Which Stock Markets are Up in 2015?

The correlation between market performance and oil prices has been growing in 2015. Oil prices continue to struggle, which explains why world equity markets are weak

Robert Johnson, CFA 10 August, 2015 | 1:01PM
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With so many down days in a row for the U.S. markets, I opened my weekly markets spreadsheets with some trepidation. I was somewhat surprised that the S&P 500 was down only a little less than 1.3% and Europe was virtually unchanged.

Only emerging markets took a hit, but were still down just over 2%, which isn't terrible compared with the recent past. We are not sure which is cause and which is effect, but at a 1.9% decline commodities where down about the same amount as emerging markets; a lot of emerging-market economies depend on commodity exports.

Oil prices continue to struggle, which might also explain why world equity markets in general did not have a great week. The correlation between market performance and oil prices has been growing in 2015. Fed worries generally pushed up bond yields, with the U.S. 10-Year now yielding 2.27% versus 2.21% a week ago. Most other bond yields were also modestly higher on the week.

The bulk of economic news was in Goldilocks territory of not too high and not too low. Employment data was straight down the centre of most forecasts, with a middle-of-the-road, plain-vanilla performance. Auto sales were surprisingly strong, without some of the smoke and mirrors from government statisticians that have been obfuscating recent results. Auto sales growth for all of 2015 may not drop from the 5% level of 2014 that had been widely expected at the end of 2014 and as recently as a couple of months ago.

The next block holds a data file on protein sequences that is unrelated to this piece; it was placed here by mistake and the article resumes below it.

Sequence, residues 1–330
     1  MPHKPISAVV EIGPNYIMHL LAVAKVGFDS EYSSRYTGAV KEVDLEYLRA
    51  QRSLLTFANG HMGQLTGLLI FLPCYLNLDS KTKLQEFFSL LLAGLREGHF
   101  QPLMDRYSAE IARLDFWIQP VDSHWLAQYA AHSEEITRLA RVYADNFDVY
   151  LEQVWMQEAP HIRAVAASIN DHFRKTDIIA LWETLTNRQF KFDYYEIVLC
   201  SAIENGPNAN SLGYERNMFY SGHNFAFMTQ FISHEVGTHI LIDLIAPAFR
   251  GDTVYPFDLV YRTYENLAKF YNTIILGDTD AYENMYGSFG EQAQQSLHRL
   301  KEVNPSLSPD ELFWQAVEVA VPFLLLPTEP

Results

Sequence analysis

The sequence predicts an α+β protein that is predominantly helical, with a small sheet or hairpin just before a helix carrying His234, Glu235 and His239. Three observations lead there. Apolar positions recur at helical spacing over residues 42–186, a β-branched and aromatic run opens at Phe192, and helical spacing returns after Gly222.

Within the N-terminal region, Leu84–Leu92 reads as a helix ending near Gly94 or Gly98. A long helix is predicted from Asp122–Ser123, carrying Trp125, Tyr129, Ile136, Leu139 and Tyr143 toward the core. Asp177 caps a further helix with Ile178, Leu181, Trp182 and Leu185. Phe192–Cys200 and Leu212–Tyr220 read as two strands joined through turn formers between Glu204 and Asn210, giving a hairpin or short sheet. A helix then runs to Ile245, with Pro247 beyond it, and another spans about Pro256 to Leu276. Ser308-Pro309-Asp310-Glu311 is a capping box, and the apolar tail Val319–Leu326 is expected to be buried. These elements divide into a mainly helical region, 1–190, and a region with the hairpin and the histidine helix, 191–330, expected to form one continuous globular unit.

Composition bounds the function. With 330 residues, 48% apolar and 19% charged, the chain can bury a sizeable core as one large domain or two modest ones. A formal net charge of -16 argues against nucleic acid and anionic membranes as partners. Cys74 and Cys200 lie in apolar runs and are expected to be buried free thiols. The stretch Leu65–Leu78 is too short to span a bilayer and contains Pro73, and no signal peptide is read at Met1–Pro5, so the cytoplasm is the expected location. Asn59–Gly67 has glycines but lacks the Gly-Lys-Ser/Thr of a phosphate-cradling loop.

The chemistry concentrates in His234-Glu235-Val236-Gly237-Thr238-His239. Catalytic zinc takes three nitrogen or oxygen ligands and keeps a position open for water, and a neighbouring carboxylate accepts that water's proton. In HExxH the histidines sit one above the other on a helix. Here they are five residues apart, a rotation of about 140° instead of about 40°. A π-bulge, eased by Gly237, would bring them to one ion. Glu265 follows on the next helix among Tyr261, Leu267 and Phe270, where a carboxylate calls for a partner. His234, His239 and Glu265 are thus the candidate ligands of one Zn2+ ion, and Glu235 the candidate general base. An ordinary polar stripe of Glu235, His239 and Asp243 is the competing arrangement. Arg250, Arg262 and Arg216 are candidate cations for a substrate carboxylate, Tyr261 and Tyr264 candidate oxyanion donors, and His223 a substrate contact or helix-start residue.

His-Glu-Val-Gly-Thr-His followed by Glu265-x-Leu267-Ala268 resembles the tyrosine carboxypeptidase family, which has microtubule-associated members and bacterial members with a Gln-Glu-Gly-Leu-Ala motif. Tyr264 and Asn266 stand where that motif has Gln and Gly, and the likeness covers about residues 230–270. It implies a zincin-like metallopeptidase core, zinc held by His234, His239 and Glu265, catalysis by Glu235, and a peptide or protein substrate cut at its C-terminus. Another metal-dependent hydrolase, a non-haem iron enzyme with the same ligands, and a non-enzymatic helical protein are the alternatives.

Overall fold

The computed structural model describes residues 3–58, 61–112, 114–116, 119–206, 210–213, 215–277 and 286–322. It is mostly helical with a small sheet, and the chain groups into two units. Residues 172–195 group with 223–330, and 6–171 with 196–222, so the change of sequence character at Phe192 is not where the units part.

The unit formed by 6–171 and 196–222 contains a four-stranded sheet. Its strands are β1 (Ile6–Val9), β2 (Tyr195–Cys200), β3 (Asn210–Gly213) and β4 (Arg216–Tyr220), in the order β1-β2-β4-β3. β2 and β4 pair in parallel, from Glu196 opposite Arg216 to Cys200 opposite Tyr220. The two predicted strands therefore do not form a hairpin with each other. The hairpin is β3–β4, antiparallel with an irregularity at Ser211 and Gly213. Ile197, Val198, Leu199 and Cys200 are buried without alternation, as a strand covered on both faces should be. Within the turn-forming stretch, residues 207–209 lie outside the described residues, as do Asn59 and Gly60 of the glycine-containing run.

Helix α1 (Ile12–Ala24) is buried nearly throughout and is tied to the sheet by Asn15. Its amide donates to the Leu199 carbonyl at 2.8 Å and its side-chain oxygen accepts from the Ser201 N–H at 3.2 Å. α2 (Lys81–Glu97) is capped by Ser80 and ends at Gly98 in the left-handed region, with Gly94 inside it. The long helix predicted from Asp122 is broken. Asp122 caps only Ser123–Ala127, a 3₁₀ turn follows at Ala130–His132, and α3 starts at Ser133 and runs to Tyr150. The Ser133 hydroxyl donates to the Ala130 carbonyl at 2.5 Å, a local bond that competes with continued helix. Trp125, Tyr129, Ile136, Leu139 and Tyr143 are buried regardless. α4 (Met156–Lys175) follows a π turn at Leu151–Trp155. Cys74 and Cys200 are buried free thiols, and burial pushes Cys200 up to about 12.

The ISM purchasing managers' report looked a little soft for July, but a closer look at the report suggests manufacturing strength and not weakness, and new orders accelerated sharply as did several other components. Complete trade data for June looked a little soft, but that was fairly well known last week with the government's new early warning system for the trade deficit. This may help limit massive GDP revisions in the future.

Unfortunately, the combination of decent economic news and a weaker bond market heated up concerns that the Fed would indeed raise rates in September, probably leading to the drumbeat of equity market declines, with the Dow now down seven straight sessions. It makes for great headlines, but on a percentage change basis it was a relatively tame week that doesn't come near the top 10 of bad weeks this year.

The information contained within is for educational and informational purposes ONLY. It is not intended nor should it be considered an invitation or inducement to buy or sell a security or securities noted within nor should it be viewed as a communication intended to persuade or incite you to buy or sell security or securities noted within. Any commentary provided is the opinion of the author and should not be considered a personalised recommendation. The information contained within should not be a person's sole basis for making an investment decision. Please contact your financial professional before making an investment decision.

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Robert Johnson, CFA  is director of economic analysis with Morningstar.

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